"King David", David Coe went on, "liked to do really, really bad things." He chuckled. "Here's this guy who slept with another man's wife --- Bathsheba, right? --- and then basically murders her husband. And this guy is one of our heroes." David shook his head. "I mean, Jiminy Christmas, God likes this guy! What," he said, "is that all about?"

The answer, we discovered, was that King David had been "chosen." To illustrate this point, David Coe turned to Beau. "Beau, let's say I hear you raped three little girls. And now here you are at Ivanwald. What would I think of you, Beau?

Beau shrank into the cusions. "Probably that I'm pretty bad?"

"No, Beau. I wouldn't. Because I'm not here to judge you. That's not my job. I'm here for only one thing."

"Jesus?" Beau said. David smiled and winked.

He walked to the National Geographic map of the world mounted on the wall. "You guys know about Genghis Khan?" he asked. ...

David explained that when Genghis entered a defeated city he would call in the local headman and have him stuffed into a crate. Over the crate would be spread a tablecloth, and on the tablecloth would be spread a wonderful meal. "And then, while the man suffocated, Genghis ate, and he didn't even hear the man's screams." David still stood on the couch, a finger in the air. "Do you know what that means?" He was thinking of Christ's parable of the wineskins. "You can't pour new into old," David said, returning to his chair. "We elect our leaders. Jesus elects his."

He reached over and squeezed the arm of a brother. "Isn't that great?" David said. "That's the way everything in life happens. If you're a person known to be around Jesus, you can go and do anything."

In addition to Genghis Khan, role models include the Mafia, Lenin, Ho Chi Minh, and a contemporary figure, Osama bin Laden.

In short, we have a group which worships a divinity which demands total submission, promises power and domination over others in return, and will permit its followers to do anything to gain them. And they call it Jesus.

I'm not completely sure I believe the story --- for a conspiracy-minded left-winger, it's slightly too good to be true. But if it's not, there are seven named United States Senators who have reason to be really ticked off.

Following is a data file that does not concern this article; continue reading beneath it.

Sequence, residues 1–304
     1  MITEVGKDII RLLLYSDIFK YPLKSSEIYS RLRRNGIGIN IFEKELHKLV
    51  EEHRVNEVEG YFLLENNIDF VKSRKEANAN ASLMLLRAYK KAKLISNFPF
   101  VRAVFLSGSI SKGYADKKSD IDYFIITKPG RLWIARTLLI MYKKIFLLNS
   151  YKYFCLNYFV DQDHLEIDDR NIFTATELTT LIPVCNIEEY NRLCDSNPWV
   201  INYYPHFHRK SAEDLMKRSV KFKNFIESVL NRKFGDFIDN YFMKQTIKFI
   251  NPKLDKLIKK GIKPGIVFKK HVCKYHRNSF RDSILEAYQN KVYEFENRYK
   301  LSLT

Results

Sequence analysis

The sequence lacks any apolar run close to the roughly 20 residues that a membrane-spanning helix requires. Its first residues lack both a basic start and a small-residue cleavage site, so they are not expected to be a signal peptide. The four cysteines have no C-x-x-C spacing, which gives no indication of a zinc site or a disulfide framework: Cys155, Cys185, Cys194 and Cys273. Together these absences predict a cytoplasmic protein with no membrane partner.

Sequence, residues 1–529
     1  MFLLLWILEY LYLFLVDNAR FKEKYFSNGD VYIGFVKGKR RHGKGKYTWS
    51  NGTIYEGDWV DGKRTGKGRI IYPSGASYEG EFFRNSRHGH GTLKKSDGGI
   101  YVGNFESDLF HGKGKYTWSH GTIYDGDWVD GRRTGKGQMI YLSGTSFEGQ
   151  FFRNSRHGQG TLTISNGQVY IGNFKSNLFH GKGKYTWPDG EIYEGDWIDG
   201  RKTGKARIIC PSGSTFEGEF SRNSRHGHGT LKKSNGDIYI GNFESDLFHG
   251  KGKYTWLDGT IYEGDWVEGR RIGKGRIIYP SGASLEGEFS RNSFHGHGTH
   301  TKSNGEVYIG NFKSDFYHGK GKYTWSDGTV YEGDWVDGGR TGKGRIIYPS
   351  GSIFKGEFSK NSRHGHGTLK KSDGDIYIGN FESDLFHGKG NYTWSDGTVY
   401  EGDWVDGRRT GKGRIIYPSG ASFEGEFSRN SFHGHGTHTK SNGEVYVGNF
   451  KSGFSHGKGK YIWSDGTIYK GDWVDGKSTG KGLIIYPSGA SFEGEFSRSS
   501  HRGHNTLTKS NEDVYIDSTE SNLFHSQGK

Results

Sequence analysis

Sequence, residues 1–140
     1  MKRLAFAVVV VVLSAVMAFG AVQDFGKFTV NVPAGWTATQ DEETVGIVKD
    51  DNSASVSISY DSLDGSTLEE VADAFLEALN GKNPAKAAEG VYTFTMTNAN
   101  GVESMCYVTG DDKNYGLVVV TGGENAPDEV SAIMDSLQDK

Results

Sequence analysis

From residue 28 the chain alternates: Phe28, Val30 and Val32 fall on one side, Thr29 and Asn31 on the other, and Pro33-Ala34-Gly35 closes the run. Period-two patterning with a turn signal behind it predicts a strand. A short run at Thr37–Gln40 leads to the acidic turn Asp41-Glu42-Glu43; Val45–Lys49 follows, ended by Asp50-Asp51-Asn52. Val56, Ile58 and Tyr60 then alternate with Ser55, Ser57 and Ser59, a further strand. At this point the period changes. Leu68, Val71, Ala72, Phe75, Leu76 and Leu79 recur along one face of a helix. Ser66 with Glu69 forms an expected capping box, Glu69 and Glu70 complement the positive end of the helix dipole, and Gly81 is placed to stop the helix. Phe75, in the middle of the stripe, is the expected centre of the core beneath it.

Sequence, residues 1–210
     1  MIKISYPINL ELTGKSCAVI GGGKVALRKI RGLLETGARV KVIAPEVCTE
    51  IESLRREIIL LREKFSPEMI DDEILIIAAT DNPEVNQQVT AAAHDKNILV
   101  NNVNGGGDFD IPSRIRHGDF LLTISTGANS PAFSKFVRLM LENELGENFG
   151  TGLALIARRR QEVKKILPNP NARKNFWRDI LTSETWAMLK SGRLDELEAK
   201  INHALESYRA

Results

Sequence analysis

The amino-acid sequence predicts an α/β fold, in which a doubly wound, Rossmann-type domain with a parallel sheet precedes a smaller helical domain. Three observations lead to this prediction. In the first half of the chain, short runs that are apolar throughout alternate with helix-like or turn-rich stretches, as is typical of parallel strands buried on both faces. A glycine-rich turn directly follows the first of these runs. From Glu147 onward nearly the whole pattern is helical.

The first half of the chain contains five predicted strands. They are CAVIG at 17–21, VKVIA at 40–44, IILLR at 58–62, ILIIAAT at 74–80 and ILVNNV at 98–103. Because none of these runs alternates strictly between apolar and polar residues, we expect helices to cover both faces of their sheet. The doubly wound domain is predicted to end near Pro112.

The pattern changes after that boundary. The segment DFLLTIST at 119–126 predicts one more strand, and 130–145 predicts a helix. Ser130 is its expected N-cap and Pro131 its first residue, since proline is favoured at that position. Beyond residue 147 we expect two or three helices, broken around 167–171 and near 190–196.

Tuesday, February 25, 2003

Sigh... I don't really have time for blogging this morning, but this nutty article by Mansoor Ijaz is too precious not to share.

Ijaz thinks Osama bin Laden's rhetoric about dying "in the belly of the eagle" should be taken at face value. Why?

For the first time since the September 11 attacks against the United States, bin Laden demonstrated fear through his choice of words. In setting forth plans for his suicide, he probably came to the conclusion that al Qaeda's retaliation infrastructure around the world had been so effectively and systematically dismantled by western intelligence that his terrorists may not be able to mount a credible response to any planned U.S. military action in Iraq in the near future.

So he starts by presuming that al-Qaeda's infrastructure has been "effectively and systematically dismantled by Western Intelligence". But it seems they've still got a little something left:

Al Qaeda has explosives expertise that is unsurpassed in non-military circles. It gets military-grade C4 charges from China and Iran; it employs Hezbollah and Hamas guerillas trained in the fine arts of detonation devices (witness particularly the maritime attacks against the USS Cole and the French oil tanker); and it has brainwashed legions of men who are willing to die for the cause.

Sounds like a retaliation infrastructure to me. But wait, there's more!